In four days' time, voters in Ireland north and south will vote in an historic referendum on the Good Friday multi-party agreement which might - just might - bring the prospect of peace. But few of the inhabitants of Kiltyclogher seem bothered about this Friday's vote.
In the village of Scribbagh - a mile and a world away from Kiltyclogher - the outcome of the referendum will have a very tangible effect. Last weekend there was an attempted mortar attack on an RUC station a few miles to the north of Scribbagh; then mortar launchers were discovered in a trailer near a burnt-out car a few miles to the south. The prospect of violence here remains part of daily life. "All we can do is hope," is a typical response.
IN THE Irish Republic, the peace deal is attractive, but at one remove. A monument to republican heroes stands at the centre of Kiltyclogher, and an annual gathering in their honour will be held today. But most people are not directly affected by the violence, nor do they feel the "lack" of the six counties to which they have theoretically laid claim for so long.
Nor is this just a matter of rural remoteness. In cities in the south, conversations about the referendum are rarely infused by distrust, in contrast to the north. At a rally in Sligo on Thursday night, there were few tough questions - and a general acceptance that, in the words of one speaker, "if anyone's suggesting that we could have had an agreement without constitutional change - that's not the real world".
Polls confirm that opinion is currently running at more than 70 per cent voting yes on Friday, with only 5 per cent against. In Kiltyclogher, and elsewhere in the Republic, the vote is almost one for altruism. In Scribbagh, they may be near-neighbours, but the people come from a different world. Like all the north-south border crossings, the border between the two villages is curiously unmarked. Not, however, that it has been an open border in the intervening years. The bridge across the dividing stream was only rebuilt last year. The British had blown it up - despite much local indignation - in an attempt to prevent arms smuggling by the IRA.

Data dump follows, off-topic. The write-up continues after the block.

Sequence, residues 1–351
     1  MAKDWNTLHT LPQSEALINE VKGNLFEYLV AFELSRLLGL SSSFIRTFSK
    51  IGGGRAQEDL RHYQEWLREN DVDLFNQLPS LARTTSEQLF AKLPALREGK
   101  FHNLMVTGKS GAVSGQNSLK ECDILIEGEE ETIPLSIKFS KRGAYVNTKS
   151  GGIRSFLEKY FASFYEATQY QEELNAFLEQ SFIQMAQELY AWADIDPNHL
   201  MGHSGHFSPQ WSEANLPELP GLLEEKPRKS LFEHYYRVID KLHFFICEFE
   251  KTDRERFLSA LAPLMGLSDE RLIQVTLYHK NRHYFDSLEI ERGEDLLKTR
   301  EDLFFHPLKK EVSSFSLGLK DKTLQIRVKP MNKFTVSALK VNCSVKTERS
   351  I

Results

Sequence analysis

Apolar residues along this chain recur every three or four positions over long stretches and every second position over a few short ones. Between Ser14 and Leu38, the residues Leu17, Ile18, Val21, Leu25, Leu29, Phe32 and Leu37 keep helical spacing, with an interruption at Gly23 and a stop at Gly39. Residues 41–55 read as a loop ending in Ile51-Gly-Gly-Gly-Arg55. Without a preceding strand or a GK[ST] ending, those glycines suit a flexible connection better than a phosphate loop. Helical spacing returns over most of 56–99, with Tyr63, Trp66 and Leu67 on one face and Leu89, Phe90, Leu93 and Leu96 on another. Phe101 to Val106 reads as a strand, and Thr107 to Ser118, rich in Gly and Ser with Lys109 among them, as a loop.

On the northern side of the border, society is on the verge of enormous change. But it is still unclear which direction the change will take. With the luxury of hindsight, we reshuffle historical events - in our minds, and in the history books - so that everything seems to have led Inevitably to a clear-cut final result. Like an old-fashioned Hollywood movie where victory is predetermined, tensions and dramas come to seem mere blips along the way.
History in the flesh is not so clear-cut. The most extraordinary thing about events in Northern Ireland in recent days and weeks is how close everything came to falling apart. After the Good Friday deal was achieved, hindsight made it seem inevitable. But it was not. In the same way, the prelude to this week's vote will be fraught - and the result unpredictable - until the very end.
Among the nationalists, many have been reluctant to agree to a deal that seemed to neglect their most cherished goal, the achievement of a united Ireland. Under the agreement, the Republic of Ireland will delete the articles in its constItution which claim the whole of Ireland as national territory. At its special conference last weekend, Sinn Fein approved the deal. But groups such as the Continuity IRA and the "Real" IRA refuse to contemplate compromise.
The fact that Sinn Fein has finally signed up for the deal is like Catch- 22 because it makes many loyalists feel that if the nationalists approve, there must be something wrong. "Sell-out" is in the air. The triumphal appearance of IRA prisoners from the Balcombe Street gang at a Sinn Fein rally last weekend, released, in order to boost the republican yes-vote, caused enormous anger among unionists, and among some Catholics in the south too.